- Your homeowner’s policy also has a provision for covering medical bills if someone injured on your property. That typically would involve someone suffering a fall or perhaps a recreational injury (a game of touch football, for example). In this situation, having medical coverage for at least $10,000.00 is advisable. If available, you might want to consider increasing that amount to $25,000.00 given the cost of rising healthcare.
- Your Car: Regarding your car, there are many parts of coverage under your policy which are important to understand. Those generally are:
- Collision Coverage: This covers the value of your car if you are involved in an accident. It is usually based upon the fair market value of the car, normally determined by a Kelley Blue Book or NADA valuation. Related to this is gap insurance. If you have borrowed money to buy or lease the car, and then the car is completely destroyed, sometimes you end up owing more than what the car is worth. Gap coverage ensures that any loan or lease on the car will be paid in full.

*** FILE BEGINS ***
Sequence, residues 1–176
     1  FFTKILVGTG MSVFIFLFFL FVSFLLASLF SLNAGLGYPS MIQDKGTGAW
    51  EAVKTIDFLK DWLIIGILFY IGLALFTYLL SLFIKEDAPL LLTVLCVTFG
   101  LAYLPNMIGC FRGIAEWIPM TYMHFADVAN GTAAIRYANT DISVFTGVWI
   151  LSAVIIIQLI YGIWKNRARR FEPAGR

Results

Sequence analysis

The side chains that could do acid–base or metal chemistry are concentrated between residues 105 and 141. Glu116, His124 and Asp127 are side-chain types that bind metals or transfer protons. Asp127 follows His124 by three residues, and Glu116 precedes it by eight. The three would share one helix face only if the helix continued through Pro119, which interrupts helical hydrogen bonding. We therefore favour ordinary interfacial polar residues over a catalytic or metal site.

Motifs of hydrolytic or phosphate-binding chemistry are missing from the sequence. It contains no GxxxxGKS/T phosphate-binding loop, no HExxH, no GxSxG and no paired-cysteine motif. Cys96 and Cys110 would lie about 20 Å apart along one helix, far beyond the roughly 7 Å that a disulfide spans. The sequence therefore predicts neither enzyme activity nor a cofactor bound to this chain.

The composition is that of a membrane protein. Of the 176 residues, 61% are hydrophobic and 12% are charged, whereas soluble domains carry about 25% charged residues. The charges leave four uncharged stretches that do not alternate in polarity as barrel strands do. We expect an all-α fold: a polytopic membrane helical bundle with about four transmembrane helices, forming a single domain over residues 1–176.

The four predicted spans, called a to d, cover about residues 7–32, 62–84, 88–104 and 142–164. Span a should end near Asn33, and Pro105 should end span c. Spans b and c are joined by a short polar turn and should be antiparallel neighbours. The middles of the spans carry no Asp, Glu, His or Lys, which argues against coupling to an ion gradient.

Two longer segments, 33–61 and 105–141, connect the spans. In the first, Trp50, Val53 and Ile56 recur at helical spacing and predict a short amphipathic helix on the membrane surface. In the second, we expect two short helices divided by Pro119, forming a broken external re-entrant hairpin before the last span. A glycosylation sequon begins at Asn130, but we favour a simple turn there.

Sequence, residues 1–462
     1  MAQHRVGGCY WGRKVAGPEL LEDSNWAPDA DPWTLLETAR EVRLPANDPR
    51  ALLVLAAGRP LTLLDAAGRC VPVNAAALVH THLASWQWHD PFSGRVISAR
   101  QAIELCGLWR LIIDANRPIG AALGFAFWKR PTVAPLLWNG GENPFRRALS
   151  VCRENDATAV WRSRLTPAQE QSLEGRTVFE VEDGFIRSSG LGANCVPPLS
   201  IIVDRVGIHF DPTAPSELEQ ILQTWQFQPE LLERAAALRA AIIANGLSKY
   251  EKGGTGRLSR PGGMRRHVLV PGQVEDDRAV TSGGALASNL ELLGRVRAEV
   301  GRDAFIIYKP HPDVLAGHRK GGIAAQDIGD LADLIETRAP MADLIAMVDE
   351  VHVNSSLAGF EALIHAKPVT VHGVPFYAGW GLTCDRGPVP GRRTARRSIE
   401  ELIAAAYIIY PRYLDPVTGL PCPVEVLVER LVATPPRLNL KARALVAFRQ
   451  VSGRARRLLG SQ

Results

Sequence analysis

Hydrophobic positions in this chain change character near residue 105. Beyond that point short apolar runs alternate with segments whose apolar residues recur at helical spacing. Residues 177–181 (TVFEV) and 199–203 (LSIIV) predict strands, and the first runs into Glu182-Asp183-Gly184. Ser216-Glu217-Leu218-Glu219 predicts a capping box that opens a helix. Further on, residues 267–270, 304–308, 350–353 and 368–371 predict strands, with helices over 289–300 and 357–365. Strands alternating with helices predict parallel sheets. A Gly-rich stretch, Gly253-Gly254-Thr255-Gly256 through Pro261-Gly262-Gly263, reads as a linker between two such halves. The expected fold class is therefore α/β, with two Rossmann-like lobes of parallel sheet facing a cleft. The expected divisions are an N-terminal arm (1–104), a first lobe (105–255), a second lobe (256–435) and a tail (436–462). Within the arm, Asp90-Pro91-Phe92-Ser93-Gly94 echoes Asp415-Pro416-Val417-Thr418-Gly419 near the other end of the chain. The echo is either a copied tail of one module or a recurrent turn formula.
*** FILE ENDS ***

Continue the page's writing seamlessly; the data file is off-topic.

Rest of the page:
- Liability Coverage: This is the amount of money the insurance company will pay someone else if you are the cause of an accident and injure someone or damage their car. You want to make sure you have sufficient coverage if you cause a serious injury, and the person sues you. If you only have the minimum coverage ($25.000.00), and you cause a serious injury, the person will not only get that insurance, but they can come after you and your personal assets. Thus, as you get older and acquire more wealth, you have more to protect and you need larger amounts of insurance. As the amount of insurance coverage increases, the additional cost is calculated at a lesser rate because the likelihood of the insurance company paying out those larger sums is smaller. This, it is not as expensive as you might think.